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#2926, 31 July 2009
Maoist Violence and its Limitations
Devyani Srivastava
Research Officer, IPCS
e-mail: devyani@ipcs.org

Since the formation of the Communist Party of India (Maoist) in September 2004, the armed activities of the Maoists have gained unprecedented lethality and frequency across India. The virtual absence of the Indian state in some areas and excessive corruption in mostly tribal and forested areas coupled with a systematic implementation of guerilla warfare tactics has enabled the Maoists to consolidate their military strategy and perpetrate a rein of terror. Despite their military advances, however, the social and political expansion of the Maoists remains restricted. Even in the most conducive environment marked by oppression and acute backwardness, such as in Lalgarh in West Bengal and Kandhamal in Orissa, evidence from the ground suggests that the support for the Maoists brand of politics is at best limited. Why has this been the case?

The impact of the nihilist violence associated with the Maoist ideology upon its transformative and liberating capacity has attracted many intellectual writings, with Hannah Arendt’s work being among the most prominent. Writing in On Violence, Arendt critiques the effectiveness of violence in the phenomenon of revolution by questioning the political equation of power with violence - for instance, Mao’s declaration that “political power grows out of the barrel of a gun.” According to Arendt, violence and power are at opposite ends, with one occurring where the other cannot.  Power stems from the support and consent of the people while violence, relying on instruments up to a point, can manage without the numbers. The resort to violence therefore, is actually the symptom of a crisis of power. Moreover, being instrumental by nature, violence can never create power as the obedience it exacts is never long-lasting. This distinction is particularly critical to understanding the limitations of violence in a revolution, for violence does not imply power, and without power, a revolution is not possible. Truly popular uprisings, therefore, do not require armed combat but only a shift in the loyalties of state structures (police, bureaucracy) against the state which can render the superiority of state-owned means of violence (used to suppress revolutions) useless.

Drawing upon Arendt’s argument, recent Maoist operations in Lalgarh and Kandhamal assume significance not so much for revealing a spread of the Maoists but for reflecting the limited transformative capacity of their revolution.

In Lalgarh, the initial phase of protests led by the People’s Committee against Police Atrocities (PCPA) did not see any major Maoist attack in terms of landmine blasts and ambushes despite an endorsement of the tribals’ struggle by the rebels. Reports from the ground explained that the central Maoist leadership was at odds with local Maoist cadres over the extent of armed activity - while the former supported intense action, local workers advised against it for fear of alienating the people. This is why later on when the Maoists unleashed a wave of terror against Marxist leaders inviting in turn the wrath of the state, explicit support for the Maoists is believed to have waned. Further weakening their base was the inability of the Maoists and the PCPA to run a viable parallel administration as had been promised to the people. Following a period of instant success through several projects including building roads, water reservoirs, and providing medical teams, the Maoists soon began to use their trademark coercive tactics against the people, forcing them to pay levies that further alienated the people.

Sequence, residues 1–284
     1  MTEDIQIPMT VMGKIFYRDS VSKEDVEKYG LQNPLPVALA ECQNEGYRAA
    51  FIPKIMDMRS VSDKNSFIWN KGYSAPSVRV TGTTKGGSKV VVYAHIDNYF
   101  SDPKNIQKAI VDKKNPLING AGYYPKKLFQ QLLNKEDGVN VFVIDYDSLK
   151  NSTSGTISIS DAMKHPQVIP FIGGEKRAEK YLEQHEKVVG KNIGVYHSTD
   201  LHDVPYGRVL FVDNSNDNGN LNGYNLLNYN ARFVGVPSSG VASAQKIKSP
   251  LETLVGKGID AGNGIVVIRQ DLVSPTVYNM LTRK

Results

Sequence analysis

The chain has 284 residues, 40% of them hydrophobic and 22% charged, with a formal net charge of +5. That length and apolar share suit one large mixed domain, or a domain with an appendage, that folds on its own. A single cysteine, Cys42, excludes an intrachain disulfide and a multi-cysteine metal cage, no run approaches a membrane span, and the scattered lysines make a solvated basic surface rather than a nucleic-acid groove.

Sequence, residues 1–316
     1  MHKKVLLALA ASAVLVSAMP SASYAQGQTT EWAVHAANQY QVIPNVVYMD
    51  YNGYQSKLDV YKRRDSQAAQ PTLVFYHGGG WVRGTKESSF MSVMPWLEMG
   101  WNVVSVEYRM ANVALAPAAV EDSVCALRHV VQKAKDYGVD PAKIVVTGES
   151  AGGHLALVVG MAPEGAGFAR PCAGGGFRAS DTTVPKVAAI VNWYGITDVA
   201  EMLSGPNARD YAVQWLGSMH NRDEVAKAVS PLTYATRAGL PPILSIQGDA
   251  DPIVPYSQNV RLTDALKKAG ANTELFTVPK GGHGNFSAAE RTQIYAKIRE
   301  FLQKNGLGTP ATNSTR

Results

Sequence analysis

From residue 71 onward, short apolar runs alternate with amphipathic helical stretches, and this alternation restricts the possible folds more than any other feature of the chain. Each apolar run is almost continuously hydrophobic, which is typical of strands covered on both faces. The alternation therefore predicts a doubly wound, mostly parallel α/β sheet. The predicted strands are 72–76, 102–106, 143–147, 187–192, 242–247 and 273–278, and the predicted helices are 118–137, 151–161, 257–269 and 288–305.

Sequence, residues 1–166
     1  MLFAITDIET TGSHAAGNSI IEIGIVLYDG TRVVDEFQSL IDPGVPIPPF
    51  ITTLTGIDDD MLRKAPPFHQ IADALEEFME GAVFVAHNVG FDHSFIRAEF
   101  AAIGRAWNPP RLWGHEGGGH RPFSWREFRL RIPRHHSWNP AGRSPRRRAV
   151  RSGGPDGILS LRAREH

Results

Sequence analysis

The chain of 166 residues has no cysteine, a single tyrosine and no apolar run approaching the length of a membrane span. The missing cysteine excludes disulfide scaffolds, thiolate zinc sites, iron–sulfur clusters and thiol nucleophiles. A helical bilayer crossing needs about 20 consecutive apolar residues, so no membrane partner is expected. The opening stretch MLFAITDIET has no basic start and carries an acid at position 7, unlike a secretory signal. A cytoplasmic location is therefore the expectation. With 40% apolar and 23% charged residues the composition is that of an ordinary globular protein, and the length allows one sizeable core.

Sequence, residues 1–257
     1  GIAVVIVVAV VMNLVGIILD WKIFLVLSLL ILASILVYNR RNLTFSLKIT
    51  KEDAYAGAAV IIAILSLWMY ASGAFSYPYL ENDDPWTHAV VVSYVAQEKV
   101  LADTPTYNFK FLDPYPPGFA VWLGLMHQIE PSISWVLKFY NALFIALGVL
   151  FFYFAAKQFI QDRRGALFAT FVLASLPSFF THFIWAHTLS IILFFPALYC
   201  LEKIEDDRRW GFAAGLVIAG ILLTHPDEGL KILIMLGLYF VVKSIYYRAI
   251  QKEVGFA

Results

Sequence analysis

The violent attacks perpetrated by the Maoists against Hindutva fundamentalists in Kandhamal last year is another case in point. Their involvement was precipitated on the grounds of protecting the Christian community - mainly Panos Dalits - that had been subject to the oppression and pressure of the Sangh Parivar to ‘re-convert’ to Hinduism. However, given the tense relations between the Panos and the Kandhas (the dominant Adivasi community) and the Sangh’s Hindutva propaganda in the district, the assassination of Swami Lakshmananda in August by the Maoists worsened, instead of alleviating, the condition of the Christians. At least 43 Christians were killed and close to 13,000 displaced in the riots that ensued. Maoist involvement in the issue has placed the Christian community at the mercy of the Hindutva miscreants who continue to intimidate them while the Maoist cadres have escaped into hiding.

Both these cases are instructive in pointing out the ineffectiveness of the Maoist brand of politics. In both instances, while genuine grouses against years of oppression by the dominant political forces (Marxist and Hindutva) had created support for the Maoists, the latter’s excessive reliance on violence proved to be the dividing line between the target community (that became the victim of worse atrocities following Maoist intervention) and the rebels. The Maoist military advance, therefore, does not have the potential to translate into an armed uprising. While Maoists intellectuals may well argue that this stage is only a catalyst in paving the way for an armed uprising, and that time is on their side, the fact is that unless the rebels start providing social services, their brand of violence will only alienate the masses further.

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